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Let $\Lambda$ be a lattice (discrete additive subgroup) in $\mathbb R^n$ ($n\geq 2$). In my problem, $\Lambda$ lies in a $k$ dimensional ($1< k\leq n$) subspace of $\mathbb R^n$. Let $A\subset \Lambda$ be a subset with cardinality $|A|=m$. To make it concrete, suppose $A$ is the intersection of $\Lambda$ with a hyper cube centered at origin.

My question is how to find a good upper bound on the size of the sumset $A+A$, in terms of $m,k,n$. More generally, on the size of $hA:=A+A+\ldots+A$.

I know there are theories, in particular additive combinatorics, dealing with the size of sumset. However this problem is more specific (we consider the sumset of set with itself and it lies in a subspace, etc.), hence I suspect there may be a tight upper bound.

Since I am not familiar with this filed at all (I am an engineering student), can someone give some hints or pointers? Any comment is welcome!

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Welcome to MO. What do you mean by "A is an additive subgroup". It cannot be the standard meaning of A being a group, first since it could not be finite and second since then A+A = A and your question would be trivial, so what do you mean with this. This is important. If A would be just any subset and you do not have an additional info beyond what you gave you cannot get a bound better than the immediate (m+1)m/2 for A+A and likewise for hA (except if you fix A and let h grow, then the dimension restriction will eventually be relevant). –  quid Nov 5 '12 at 11:52
    
Thanks for the response! You are right, I just wanted to mean that A is a subset of the lattice. To make it concrete, I assume that A is the intersection of lattice with some cube around the origin. –  EEstudent Nov 5 '12 at 15:51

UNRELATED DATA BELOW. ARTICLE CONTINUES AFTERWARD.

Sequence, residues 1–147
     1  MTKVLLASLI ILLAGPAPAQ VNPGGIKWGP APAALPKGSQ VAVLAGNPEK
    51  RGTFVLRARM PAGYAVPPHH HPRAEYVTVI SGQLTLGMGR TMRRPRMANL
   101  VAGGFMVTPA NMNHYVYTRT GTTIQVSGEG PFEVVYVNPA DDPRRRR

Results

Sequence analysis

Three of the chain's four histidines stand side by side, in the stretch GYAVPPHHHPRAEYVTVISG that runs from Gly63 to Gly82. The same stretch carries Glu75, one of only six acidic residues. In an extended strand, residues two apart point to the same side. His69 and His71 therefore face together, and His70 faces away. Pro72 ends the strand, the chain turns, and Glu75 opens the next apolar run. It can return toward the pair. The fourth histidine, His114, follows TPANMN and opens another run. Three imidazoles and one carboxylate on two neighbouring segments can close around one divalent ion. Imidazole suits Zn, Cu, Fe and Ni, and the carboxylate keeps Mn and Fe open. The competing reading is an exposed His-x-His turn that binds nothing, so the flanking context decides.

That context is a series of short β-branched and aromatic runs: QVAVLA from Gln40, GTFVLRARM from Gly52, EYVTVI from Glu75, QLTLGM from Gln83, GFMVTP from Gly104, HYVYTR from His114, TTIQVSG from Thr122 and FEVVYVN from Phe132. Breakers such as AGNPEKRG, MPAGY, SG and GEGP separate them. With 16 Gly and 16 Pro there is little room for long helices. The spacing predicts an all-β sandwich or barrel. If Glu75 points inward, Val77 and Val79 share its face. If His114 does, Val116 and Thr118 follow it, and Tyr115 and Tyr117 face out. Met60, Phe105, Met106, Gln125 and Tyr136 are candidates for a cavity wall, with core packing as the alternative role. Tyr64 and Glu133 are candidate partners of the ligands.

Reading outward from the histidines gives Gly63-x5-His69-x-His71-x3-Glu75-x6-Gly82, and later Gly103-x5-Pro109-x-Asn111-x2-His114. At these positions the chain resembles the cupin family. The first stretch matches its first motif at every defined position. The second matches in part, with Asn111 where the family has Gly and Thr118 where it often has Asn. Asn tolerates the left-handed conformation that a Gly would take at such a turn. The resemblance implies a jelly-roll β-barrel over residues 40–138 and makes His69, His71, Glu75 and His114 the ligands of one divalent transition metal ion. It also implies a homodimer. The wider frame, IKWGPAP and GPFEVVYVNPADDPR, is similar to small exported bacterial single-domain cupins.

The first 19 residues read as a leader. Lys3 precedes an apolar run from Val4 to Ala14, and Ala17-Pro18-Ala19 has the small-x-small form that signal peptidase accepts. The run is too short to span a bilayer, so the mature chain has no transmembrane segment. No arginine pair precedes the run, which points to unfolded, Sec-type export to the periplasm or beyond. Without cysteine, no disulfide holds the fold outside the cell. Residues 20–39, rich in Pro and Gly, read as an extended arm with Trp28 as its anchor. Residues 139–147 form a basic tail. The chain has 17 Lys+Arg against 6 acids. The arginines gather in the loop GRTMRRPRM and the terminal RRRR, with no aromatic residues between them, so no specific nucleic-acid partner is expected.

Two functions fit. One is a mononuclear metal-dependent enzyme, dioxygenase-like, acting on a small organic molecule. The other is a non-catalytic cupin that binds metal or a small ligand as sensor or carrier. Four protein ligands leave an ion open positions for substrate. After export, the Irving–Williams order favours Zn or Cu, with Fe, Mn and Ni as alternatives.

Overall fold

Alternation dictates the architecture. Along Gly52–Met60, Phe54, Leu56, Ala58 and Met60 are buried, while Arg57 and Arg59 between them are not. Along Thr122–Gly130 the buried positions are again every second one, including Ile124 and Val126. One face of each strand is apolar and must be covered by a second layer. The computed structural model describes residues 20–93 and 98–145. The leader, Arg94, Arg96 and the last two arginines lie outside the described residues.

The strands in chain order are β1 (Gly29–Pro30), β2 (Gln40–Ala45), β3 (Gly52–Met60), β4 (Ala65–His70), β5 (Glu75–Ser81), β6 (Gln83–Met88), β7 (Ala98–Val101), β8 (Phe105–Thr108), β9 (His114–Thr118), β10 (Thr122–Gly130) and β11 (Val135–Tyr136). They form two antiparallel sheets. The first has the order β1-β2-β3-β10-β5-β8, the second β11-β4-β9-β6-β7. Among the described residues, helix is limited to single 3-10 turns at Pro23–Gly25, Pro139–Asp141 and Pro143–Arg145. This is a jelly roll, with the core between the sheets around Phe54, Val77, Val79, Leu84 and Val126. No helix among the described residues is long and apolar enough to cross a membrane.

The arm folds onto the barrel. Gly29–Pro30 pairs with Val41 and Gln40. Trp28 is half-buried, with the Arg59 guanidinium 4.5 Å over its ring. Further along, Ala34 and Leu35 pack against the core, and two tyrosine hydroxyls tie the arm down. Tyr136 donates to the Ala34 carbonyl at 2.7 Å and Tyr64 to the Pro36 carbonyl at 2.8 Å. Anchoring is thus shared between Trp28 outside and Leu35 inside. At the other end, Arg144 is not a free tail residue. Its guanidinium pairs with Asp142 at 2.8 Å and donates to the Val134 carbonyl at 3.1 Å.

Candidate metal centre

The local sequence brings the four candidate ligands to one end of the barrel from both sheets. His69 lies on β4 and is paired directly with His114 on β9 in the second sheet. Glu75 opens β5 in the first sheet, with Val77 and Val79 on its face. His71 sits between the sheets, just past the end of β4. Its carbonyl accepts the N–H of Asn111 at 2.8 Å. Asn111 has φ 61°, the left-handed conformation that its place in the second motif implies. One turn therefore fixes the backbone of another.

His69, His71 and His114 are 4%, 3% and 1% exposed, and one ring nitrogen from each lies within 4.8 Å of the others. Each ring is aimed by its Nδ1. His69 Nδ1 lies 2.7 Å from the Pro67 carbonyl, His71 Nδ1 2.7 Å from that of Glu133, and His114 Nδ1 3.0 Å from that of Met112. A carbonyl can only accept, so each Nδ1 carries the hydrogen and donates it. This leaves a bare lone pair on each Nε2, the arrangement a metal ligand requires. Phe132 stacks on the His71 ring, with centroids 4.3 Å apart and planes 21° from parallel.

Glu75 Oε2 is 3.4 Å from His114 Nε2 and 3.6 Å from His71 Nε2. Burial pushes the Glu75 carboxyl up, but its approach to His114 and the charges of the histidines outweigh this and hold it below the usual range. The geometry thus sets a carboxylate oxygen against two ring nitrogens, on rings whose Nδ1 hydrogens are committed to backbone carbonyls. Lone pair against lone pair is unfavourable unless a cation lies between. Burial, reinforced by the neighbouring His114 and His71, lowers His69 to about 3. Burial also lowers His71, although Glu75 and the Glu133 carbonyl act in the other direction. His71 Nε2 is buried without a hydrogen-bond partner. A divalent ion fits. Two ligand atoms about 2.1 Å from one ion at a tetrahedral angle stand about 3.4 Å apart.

Thanks for the clarification. A simple idea to get an upper bound would be to note that if A is contained in the hypercube with side-length s than A+A is contained in the hypercube with lengths 2s and so on, and to count the points in the hypercubes. And, if your lattice is not very distorted this will not be too far from the truth. Put perhaps yours is. –  quid Nov 5 '12 at 16:02
    
Yes, I tried the very basic idea before. It may not always give a good upper bound. Let the hypercube has side length s then we have a density of m/(s^n) (lattice points per unit volume), then a hypercube with length 2s will contain 2^n*m points, with a factor 2^n. However, if the lattice lies in 1-dimensional subspace, for example, only taking the points ...(-1,-1,...-1), (0,0,...0), (1,1,...1),(2,2,...2).... and so on. We see A+A has size 2m-1, independent of n. Hence I think the number k should also matter here. Could we get a better bound using volume argument (taking account of k)? –  EEstudent Nov 5 '12 at 16:23
    
Sorry for being imprecise/not more detailed. Yes definitely you should take the fact that all this lives in a subspace into account. Two related strategies: either take only the points in this subspace in these hypercubes. Then the growth should also be like 2^k. Or "forget" the surrounding space R^n altogether. Consider just the k-dim subspace were 'everything' is happening. You then have a (convex) body [the intersection of the cube with the subspace] including all your points in A and A+A will be contained in the 'doubled' body. –  quid Nov 5 '12 at 16:54
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